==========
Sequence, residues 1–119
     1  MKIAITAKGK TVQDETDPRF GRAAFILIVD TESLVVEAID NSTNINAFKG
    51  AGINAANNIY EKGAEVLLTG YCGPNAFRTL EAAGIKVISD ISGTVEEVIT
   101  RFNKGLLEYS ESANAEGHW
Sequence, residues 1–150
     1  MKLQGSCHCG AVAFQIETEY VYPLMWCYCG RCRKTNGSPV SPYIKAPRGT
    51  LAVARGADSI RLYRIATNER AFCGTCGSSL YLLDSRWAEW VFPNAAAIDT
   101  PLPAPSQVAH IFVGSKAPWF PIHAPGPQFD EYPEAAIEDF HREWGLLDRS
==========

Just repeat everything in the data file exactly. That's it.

Sequence, residues 1–119
     1  MKIAITAKGK TVQDETDPRF GRAAFILIVD TESLVVEAID NSTNINAFKG
    51  AGINAANNIY EKGAEVLLTG YCGPNAFRTL EAAGIKVISD ISGTVEEVIT
   101  RFNKGLLEYS ESANAEGHW
Sequence, residues 1–150
     1  MKLQGSCHCG AVAFQIETEY VYPLMWCYCG RCRKTNGSPV SPYIKAPRGT
    51  LAVARGADSI RLYRIATNER AFCGTCGSSL YLLDSRWAEW VFPNAAAIDT
   101  PLPAPSQVAH IFVGSKAPWF PIHAPGPQFD EYPEAAIEDF HREWGLLDRS